Editor’s note: The fourth section includes a book title with a word the Webster’s New World College Dictionary considers to be a vulgarity.
The year’s best comics and graphic novels will be honored with Will Eisner Comic Industry Awards in July at Comic-Con International in San Diego. Carol Tilley, a University of Illinois professor of library and information science, is one of six judges selecting the comics that will appear on the awards ballot in more than two dozen categories. The judges are meeting this week (April 7-11) in San Diego to discuss their choices and finalize the ballot. Tilley conducts research on comics readership, and she debunked the data used by a 1950s anti-comics-crusading psychiatrist. She talked with News Bureau arts and humanities editor Jodi Heckel about the role of an Eisner judge and what trends she is seeing in comic books.
What comics are eligible for the awards, and how do they get submitted?
Essentially any comic or book about comics published in 2015 is eligible for consideration. Publishers and creators have the option of submitting titles to the Eisner Awards’ administrator but, in reality, the judges are looking not only at what’s submitted, but well beyond that to ensure that we’re nominating the best possible comics in each of the more than 30 ballot categories.
Lots of people equate comics with superheroes, but there’s a tremendous breadth and depth in contemporary comics publishing. Consequently, I’m reading everything from fantasy and science fiction comic books to kids’ graphic novels, long-form memoirs in comics form to multicreator anthologies, webcomics to scholarly monographs about comics, and more. And, of course, I’m reading plenty of superhero titles, too.
What is the significance of winning an Eisner Award? Of being an Eisner judge?
Each year, six individuals are selected to be Eisner judges. The jury is balanced so that each year at least one person serving on it is a comics scholar; this year, I’m that person. It’s an extraordinary honor and opportunity to help recognize the best comics and creators for the preceding year.
To win or even be nominated for an Eisner, especially if you’re working outside one of the major comics publishers like DC and Marvel, can be a significant career boost. You’re always going to be able to say “Eisner-nominated” or “Eisner-winning” in conjunction with your name. It can also lead to a sales boost, especially in terms of library sales, since listed titles often have greater visibility and demand.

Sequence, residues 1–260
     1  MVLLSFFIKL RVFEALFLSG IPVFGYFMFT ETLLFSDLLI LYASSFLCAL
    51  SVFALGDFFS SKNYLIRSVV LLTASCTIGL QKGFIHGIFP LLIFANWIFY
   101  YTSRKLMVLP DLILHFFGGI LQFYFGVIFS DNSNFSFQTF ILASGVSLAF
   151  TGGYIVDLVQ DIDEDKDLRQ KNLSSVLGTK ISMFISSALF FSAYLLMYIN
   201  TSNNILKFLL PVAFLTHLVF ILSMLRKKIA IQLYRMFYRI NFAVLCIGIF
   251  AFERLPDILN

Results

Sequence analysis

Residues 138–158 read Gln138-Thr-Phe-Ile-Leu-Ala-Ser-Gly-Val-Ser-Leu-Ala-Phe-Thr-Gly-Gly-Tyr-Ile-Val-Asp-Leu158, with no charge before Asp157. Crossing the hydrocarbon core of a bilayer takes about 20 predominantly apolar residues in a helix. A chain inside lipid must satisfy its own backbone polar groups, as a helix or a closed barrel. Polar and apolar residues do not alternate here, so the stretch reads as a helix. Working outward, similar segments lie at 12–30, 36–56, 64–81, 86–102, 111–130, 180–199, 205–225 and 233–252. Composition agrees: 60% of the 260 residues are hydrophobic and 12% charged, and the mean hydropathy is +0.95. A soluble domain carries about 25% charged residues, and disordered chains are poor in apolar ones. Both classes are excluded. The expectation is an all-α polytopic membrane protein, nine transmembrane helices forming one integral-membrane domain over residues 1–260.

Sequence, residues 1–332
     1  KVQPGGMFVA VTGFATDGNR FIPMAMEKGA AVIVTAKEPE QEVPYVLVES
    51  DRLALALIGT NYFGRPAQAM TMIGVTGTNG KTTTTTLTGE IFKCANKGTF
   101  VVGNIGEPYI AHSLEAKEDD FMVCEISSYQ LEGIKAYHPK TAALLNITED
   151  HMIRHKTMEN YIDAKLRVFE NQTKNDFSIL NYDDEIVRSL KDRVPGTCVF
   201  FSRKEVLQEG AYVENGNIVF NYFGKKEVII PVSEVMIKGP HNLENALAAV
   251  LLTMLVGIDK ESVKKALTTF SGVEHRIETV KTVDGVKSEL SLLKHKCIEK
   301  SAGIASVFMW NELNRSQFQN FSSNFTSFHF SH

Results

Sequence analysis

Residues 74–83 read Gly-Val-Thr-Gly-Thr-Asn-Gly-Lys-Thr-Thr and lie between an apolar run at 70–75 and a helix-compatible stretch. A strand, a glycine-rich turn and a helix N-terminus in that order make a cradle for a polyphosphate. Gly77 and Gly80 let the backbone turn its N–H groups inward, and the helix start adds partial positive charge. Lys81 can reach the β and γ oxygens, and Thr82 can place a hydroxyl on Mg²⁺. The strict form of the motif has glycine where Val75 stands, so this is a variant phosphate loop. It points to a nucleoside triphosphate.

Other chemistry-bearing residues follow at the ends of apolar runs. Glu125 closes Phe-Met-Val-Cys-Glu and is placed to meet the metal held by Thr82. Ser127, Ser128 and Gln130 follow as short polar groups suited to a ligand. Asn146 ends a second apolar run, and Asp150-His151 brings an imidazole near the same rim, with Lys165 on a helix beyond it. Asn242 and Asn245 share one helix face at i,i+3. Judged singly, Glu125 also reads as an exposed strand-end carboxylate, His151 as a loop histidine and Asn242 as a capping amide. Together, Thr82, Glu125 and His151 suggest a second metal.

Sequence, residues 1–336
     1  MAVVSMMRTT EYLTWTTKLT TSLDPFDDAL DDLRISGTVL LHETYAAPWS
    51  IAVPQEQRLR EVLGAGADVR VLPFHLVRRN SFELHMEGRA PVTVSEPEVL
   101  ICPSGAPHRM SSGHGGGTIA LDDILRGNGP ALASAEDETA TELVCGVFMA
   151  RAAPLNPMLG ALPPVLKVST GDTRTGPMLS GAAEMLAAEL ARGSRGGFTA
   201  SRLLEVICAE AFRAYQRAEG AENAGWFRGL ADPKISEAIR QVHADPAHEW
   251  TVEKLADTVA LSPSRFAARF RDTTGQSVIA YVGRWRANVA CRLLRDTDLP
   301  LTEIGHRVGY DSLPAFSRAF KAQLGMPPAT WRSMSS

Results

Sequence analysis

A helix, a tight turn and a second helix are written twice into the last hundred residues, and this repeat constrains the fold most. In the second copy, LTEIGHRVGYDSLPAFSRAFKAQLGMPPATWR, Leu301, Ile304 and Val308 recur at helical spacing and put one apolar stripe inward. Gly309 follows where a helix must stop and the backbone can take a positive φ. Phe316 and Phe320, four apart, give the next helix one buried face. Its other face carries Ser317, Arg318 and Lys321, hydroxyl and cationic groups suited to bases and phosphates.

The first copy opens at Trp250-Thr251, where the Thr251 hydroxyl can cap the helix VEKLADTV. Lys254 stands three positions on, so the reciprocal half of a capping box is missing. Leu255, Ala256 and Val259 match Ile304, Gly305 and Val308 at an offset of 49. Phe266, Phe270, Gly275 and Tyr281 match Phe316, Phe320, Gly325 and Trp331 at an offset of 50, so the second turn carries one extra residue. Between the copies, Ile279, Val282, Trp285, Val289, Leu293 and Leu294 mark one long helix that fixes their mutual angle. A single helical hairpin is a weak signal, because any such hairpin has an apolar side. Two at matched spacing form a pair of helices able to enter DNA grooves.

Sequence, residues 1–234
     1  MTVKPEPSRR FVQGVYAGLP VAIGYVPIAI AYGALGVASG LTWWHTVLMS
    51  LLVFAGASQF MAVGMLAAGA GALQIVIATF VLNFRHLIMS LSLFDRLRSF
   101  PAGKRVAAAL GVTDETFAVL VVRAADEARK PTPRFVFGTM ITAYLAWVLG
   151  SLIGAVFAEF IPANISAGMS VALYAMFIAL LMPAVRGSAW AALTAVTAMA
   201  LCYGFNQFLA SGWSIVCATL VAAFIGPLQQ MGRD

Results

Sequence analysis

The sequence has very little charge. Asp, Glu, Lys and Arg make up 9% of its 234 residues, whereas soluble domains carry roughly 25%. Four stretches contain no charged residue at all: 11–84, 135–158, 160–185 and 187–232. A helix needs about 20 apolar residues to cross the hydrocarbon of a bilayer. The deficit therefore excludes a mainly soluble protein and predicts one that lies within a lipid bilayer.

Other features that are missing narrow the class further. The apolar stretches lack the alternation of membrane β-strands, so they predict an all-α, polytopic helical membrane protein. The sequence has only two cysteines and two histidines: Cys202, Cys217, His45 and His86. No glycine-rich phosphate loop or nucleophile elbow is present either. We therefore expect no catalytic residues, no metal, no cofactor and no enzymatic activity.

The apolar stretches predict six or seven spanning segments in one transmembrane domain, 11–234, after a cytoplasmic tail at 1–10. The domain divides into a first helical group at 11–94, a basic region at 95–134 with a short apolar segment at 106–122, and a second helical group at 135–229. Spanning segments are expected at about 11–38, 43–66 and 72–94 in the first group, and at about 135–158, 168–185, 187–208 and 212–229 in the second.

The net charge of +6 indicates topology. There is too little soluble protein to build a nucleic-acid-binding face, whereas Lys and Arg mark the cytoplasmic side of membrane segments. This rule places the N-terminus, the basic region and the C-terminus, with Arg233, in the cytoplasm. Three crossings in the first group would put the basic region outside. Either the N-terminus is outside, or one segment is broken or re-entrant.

What do you look for in deciding which are the best comics from the past year?
I’m looking for comics that tell good stories. That means the words, the pictures, the design, the whole comics package has to work in concert to grab readers. At the same time, I’m not the intended reader for all of the comics that will be under consideration this year, so there are times when I have to step outside of myself and my biases to ensure that I’m giving all titles their fair consideration.
Are there any trends you have seen recently in comic books?
In contemporary comics, there’s something for virtually any reader, young or not-so-young. You can find powerful memoirs about aging, death and illness, like Roz Chast’s “Can’t We Talk about Something More Pleasant?” Tom Hart’s “Rosalie Lightning” and Jennifer Hayden’s “The Story of My Tits,” respectively. You can find adventure stories with strong girl characters, like Jeremy Whitley’s “Princeless,” Noelle Stevenson’s “Nimona” or Ben Hatke’s “Little Robot.” African-American history? Joel Christian Gill’s “Strange Fruit” comes to mind. An AI-themed space opera? Try Jeff Lemire and Dustin Nguyen’s “Descender.” Grisly dystopian horror? Josh Simmons’ “Black River.” A humorous guide to how your body works? “Human Body Theater” by Maris Wicks. And these are just a few North American titles published by conventional presses. Start looking at the minicomics, webcomics and international (both English-translated markets and others) titles, and the range of what’s available becomes even more staggering. With respect to diversity, comics still has room to grow, as does the rest of the publishing and entertainment industry, but the signs of change are clearly visible.
How does being an Eisner judge fit with your faculty role at the U. of I.?
At Illinois, I’m fortunate enough to be able to combine my passion as a lifelong comics reader with researching comics history, as well as teaching comics-related courses for librarians. Serving as an Eisner judge is recognition for my scholarly contributions, but it also allows me to consider the industry from new perspectives, read even more comics and meet some fascinating folks. Already my experiences as an Eisner judge are finding their way into conversations with students.